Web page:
Off to Island Market I am helped by high school Junior Rowan Lister. It is humbling to ask him to reach things on the high shelf for me, after-all I have known him since he was a baby! After handing me the item I ask him what he is saving his money for. He tells me that he wants to buy a knight’s suit of armor for his younger brother! Shhh… it’s a surprise!
At the local clothing consignment store Sequel, I run into Junior Bethany Hansen. She is just as friendly as always even though she is on the tail end of a 52 hour work week. She works nights at a local restaurant, as well as her day job at Sequel. She says not all weeks are like this, but she wants to earn a lot of money so she can buy a car before school starts.
Walking past The Kitchen I see a familiar face, it’s Brother Murphy! Brother is a high school Junior and all around friendly guy so his job at The Kitchen is a good fit. The Kitchen serves fresh Asian food in a relaxed outdoor environment. Brother helps prep the food, serve, and does the dishes. All good life skills!
I decide to stop in and see my son Jordan Randolph at the recently opened and very popular Clever Cow Creamery. The line is out the door with people anxiously awaiting a taste of the locally produced handcrafted ice cream. I work my way in and find Jordan and co-worker Kyle happily scooping and serving ice cream. The line doesn’t let up in the time I am there and Jordan tells me later that they didn’t see a break in the line for three hours! As I watch, I see the boys working steady, having pleasant interactions with the customers, and even cracking a few jokes along the way. I am filled with overwhelming “mom pride” as I walk away. My son has grown into a capable and kind young man. I knew this already but seeing him at work somehow makes it more real. I appreciate the owners of the Clever Cow for giving my teenage son his first “real” job.
Out at Moran State Park the owners of Orcas Adventures rely heavily on Orcas teens to keep a safe and fun working environment. Owners Edward and Fiona Stone grew up on Orcas and were once teens looking for summer work themselves! There are currently six high school and college students working the Sugar Shack and the Boat Dock. Yes, Orcas graduates do consistently come back for summer work on Orcas. Why not? The work is readily available and the rent is usually free!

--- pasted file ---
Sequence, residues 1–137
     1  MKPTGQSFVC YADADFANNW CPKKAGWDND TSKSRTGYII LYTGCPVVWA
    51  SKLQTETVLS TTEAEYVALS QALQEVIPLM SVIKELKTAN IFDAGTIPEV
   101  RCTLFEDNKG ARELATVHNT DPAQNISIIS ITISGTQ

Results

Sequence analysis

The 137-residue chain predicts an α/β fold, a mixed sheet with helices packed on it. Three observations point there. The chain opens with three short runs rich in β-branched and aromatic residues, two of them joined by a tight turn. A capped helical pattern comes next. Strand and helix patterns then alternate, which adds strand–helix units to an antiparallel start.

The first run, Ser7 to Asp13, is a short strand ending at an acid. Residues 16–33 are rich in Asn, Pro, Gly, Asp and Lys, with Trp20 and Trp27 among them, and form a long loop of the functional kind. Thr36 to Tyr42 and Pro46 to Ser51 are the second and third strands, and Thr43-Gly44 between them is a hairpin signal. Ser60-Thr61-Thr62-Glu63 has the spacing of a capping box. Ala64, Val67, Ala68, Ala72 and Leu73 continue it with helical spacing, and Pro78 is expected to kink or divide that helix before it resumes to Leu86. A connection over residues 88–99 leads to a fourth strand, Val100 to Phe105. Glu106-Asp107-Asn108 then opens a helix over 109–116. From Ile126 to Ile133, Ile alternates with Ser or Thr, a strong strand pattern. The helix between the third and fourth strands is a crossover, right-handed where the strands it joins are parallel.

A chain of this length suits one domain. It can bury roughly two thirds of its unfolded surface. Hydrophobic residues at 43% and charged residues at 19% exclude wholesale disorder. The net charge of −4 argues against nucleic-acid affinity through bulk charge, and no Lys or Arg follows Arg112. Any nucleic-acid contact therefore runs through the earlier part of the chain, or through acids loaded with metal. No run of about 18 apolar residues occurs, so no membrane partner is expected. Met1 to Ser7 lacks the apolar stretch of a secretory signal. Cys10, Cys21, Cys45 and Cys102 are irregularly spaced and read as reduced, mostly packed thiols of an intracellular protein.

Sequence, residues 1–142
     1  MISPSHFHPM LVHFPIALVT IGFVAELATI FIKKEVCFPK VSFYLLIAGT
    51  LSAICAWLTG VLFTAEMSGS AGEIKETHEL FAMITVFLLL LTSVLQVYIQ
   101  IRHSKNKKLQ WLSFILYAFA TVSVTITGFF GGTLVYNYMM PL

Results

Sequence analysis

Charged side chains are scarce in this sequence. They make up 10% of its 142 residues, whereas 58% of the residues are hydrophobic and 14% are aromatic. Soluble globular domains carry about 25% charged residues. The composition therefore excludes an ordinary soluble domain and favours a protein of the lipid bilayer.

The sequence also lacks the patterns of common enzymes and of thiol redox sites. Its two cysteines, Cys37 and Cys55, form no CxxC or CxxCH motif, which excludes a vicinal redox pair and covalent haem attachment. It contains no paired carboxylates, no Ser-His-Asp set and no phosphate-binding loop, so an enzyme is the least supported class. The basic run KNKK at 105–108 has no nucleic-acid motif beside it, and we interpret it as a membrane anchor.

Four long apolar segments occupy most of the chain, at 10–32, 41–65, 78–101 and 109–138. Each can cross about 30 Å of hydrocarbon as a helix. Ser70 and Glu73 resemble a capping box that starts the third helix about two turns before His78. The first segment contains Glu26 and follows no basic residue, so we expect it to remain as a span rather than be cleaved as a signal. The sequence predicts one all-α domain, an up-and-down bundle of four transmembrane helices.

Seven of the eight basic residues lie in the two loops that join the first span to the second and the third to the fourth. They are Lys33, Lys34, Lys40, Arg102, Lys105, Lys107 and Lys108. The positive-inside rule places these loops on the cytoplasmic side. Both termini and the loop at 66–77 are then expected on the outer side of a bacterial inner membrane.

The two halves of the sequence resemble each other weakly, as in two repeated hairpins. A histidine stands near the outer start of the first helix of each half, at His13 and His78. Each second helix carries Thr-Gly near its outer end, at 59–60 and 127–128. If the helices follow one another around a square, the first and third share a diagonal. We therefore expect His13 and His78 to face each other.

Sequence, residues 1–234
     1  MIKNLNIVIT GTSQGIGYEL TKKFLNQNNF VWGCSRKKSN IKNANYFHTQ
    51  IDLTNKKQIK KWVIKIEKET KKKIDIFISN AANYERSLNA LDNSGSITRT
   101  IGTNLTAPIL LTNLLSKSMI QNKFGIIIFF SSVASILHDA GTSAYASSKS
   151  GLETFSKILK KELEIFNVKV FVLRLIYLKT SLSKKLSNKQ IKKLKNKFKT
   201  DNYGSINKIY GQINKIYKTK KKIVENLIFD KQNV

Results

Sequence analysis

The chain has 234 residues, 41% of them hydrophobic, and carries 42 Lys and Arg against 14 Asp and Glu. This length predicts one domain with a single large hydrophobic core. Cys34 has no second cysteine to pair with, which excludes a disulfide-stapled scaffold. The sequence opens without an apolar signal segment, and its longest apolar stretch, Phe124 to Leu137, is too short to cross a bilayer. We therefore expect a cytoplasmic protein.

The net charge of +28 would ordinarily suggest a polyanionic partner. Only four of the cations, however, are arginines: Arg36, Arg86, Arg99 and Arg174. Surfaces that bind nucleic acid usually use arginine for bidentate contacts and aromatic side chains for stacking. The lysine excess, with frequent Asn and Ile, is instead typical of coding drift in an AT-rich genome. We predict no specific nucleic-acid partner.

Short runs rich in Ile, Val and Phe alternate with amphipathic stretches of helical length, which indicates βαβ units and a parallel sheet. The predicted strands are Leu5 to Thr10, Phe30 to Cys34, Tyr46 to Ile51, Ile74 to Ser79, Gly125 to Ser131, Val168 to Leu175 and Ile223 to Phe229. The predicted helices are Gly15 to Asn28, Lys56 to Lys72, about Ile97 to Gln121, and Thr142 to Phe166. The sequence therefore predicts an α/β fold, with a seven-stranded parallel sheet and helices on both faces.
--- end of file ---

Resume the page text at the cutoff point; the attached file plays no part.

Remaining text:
It’s not all work for Island teens, they know how to make the most of their free time. With no malls to hang out at, and only one movie showing per week, our kids have to get more creative. Orcas teens know they have it good. They take advantage of the beauty that surrounds them. You will find them swimming, hiking, fishing, biking, boating, beach-combing, and sunset watching. Here are a few pictures I found on facebook from some of my son’s friends (yes, they gave me permission to use them).
A morning run on Mt.Constitution!
Friends hanging out at the lake.
Sunset toss in the Salish Sea!
Sunset Yogi Charlie.
Stopping by to see mom at TWilliams Realty!
It’s a charmed life for sure! I am grateful to have been raised on this amazing island and so happy that I am providing the same opportunities for my children. If a move to Orcas Island is in your future please give me a call and I’d be happy to show you around… Island Style!
Orcas Island School District is home to one fantastic school garden. You’ll find it right there next to the great maple tree in front of the big brick building that houses Orcas Island Elementary School.
The garden is maintained by the Elementary Children during a weekly class called Farm to Classroom. I have been teaching this class since its inception almost six years ago. It is a labor of love and a time of great discovery by all.
Miss Mandy sharing a watermelon grown in the school garden with some eager students!
One of my favorite activities in the garden is the yearly “great potato dig” with the Kindergarteners. It is early October in the school garden and the potato patch is ready for picking! Enter 35 Kindergarten Students. First a quick lesson on potatoes. You wouldn’t believe how many 5 year olds don’t know that potatoes grow under the ground. You can imagine the delight on their faces once they realize that they get to dig for the buried treasure.
Farm to Classroom students digging for potatoes!
The digging commences and soil starts flying from the children who dig with wild abandon. Some of the kids decide it is much tidier to pull the plant and pick the potatoes off the roots. Everyone is actively engaged.
Beautiful red potatoes and the excitement of pulling out the entire plant with potatoes still attached at the roots!
Oh, the squeals of delight as they find their first potato! And then the variety of colors and potato shapes cause more shrieks of delight and several shouts of “Show me, show me!”
Just look at our variety of potatoes. Red, purple, blue, yellow, and we even grew a heart shaped potato!
The potato patch was plentiful this year. We started a new patch in a well-seasoned compost pile. Added to that was a delivery of soil from San Juan Sanitation to establish a nice deep area of loose soil. We planted organic potato seeds of several varieties. What a fabulous combination. We will use these potatoes for cooking projects in the classroom this winter.
“This one looks like a person!”
The children have put the garden “to bed” for the winter. The potato patch was gently tucked in with a cover crop of fava beans that will certainly provide another exciting opportunity for discovery next spring!
Third and Fourth grade students prepare the potato patch for the fava bean cover crop planting.